Current Dietary Guidelines encourage a shift to a plant-based eating plan. This recommendation is based on studies that have looked at the health benefits of a plant-based eating plan. A new study has looked at how plant-based eating may help to lower blood pressure. What exactly does it mean to consume a plant-based diet?
Plant-Based Eating may help Blood Pressure
Plant-based eating certainly does convey consume more plant foods but what it does not convey is what types of plant foods. For many people the other question is can you include animal foods to reap the health benefits? A recent study, in the British Medical Journal, looked at plant-based eating patterns in three countries to assess impact on blood pressure. The study found that there is an association, so not a cause and effect, between eating more, higher quality plant foods than either limited plant food intake or eating lower quality plant foods.
Quality of Plant-Based Eating
Researchers were interested in seeing if the nutritional quality of the plant food made a difference to the impact of the diet on blood pressure. The study classified grains, fruits, vegetables, beans, seeds, nuts, tea, coffee, and oils as higher quality plant foods. Fruit juice, refined grains, sugar-sweetened beverages, potatoes and sweets and desserts were classified as lower quality plant foods in terms of the nutrition content. Animal food intake, including meat, fish, poultry, eggs, and dairy foods, was assessed in relationship to the amount in the total diet.
Making the Shift to More Plant-based Foods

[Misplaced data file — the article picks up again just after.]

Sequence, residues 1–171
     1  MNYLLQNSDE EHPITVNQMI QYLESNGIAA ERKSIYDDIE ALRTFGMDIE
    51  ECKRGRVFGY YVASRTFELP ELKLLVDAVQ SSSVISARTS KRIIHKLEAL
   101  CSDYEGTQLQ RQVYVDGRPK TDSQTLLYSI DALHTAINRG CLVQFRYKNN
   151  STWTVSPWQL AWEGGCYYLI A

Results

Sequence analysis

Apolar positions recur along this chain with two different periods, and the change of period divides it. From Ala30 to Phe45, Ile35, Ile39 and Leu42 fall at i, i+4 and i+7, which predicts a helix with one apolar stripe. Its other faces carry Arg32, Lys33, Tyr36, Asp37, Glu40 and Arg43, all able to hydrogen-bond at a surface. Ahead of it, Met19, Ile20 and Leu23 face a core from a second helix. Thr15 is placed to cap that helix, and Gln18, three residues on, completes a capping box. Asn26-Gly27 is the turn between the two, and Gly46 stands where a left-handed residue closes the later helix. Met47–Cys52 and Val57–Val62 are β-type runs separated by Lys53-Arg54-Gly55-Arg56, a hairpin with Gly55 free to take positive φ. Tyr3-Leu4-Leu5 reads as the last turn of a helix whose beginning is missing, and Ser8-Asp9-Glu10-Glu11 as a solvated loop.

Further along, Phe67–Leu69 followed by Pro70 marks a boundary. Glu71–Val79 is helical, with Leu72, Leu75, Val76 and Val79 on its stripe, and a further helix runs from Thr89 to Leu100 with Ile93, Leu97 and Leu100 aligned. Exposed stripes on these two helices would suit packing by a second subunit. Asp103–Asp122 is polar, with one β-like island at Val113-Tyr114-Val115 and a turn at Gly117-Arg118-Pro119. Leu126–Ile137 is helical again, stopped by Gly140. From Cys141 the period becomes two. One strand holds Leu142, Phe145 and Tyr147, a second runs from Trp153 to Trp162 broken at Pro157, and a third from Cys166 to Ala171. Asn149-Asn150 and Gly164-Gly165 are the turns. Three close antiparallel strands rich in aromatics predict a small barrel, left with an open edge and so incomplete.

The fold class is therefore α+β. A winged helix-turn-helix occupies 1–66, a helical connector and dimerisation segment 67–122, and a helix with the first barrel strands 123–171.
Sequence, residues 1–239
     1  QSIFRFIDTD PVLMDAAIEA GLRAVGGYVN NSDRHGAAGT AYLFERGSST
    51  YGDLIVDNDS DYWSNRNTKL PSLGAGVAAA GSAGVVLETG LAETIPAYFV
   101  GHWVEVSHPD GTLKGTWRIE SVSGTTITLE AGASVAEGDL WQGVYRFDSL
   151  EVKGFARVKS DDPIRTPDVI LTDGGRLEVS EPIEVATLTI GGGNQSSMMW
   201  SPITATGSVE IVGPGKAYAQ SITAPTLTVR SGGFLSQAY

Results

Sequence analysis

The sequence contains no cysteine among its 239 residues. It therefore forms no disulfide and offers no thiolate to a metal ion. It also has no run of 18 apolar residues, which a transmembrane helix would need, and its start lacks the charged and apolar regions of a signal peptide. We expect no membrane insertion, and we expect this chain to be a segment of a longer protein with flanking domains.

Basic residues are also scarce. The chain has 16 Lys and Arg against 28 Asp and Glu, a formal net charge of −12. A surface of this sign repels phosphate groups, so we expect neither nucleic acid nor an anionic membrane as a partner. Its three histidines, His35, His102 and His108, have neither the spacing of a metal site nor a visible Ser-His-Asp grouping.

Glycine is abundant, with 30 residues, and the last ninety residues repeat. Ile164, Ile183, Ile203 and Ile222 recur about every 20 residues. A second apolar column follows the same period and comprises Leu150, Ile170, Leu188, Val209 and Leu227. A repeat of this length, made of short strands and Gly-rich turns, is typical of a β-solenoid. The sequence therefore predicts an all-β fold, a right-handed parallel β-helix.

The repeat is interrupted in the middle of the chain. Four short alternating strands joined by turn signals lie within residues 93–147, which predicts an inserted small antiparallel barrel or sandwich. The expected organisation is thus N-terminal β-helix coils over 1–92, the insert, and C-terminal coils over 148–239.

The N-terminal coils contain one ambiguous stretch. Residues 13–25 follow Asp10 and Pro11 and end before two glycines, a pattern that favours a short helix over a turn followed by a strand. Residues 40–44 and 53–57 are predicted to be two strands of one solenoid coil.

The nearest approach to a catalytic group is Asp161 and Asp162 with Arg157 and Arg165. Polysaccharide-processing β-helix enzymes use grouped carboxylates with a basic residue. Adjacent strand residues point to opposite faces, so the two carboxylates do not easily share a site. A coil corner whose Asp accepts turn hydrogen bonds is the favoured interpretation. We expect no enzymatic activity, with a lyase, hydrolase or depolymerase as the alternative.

The observation from the study was that diets with more higher quality plant foods, even if they still contained animal foods, were associated with lower blood pressure levels. More research is needed to determine a real cause/effect outcome but this study does mimic the science behind the DASH Diet, which has long been recommended for blood pressure lowering. The nutritional quality of the plant foods identified as higher quality in this new study, mimic the DASH Diet observation that potassium, phosphorous, magnesium and some other minerals found in plant foods, help with blood pressure regulation.
To Your Health!
The good news is that you do not have to eliminate animal foods to have a healthful eating plan. Use this study as motivation to begin to shift the balance of plant and animal foods in your meals. Try whole wheat pasta with veggies, beans, and a topping of cheese. You might also like a bowl of oatmeal topped with fresh fruit, chopped walnuts and a dollop of low-fat yogurt. A snack of chopped nuts and dried fruit can be portable and a good replacement for chips. Most importantly – find an eating plan, built around plant foods, that is enjoyable and something that you can make your routine.
About Connie – Connie is a Registered Dietitian with extensive experience communicating in the food and nutrition space. Taking the science of food and nutrition and translating it to simple messages, new products, or exciting menus is her expertise. Making nutrition messages clear, accurate, and engaging aids all consumers.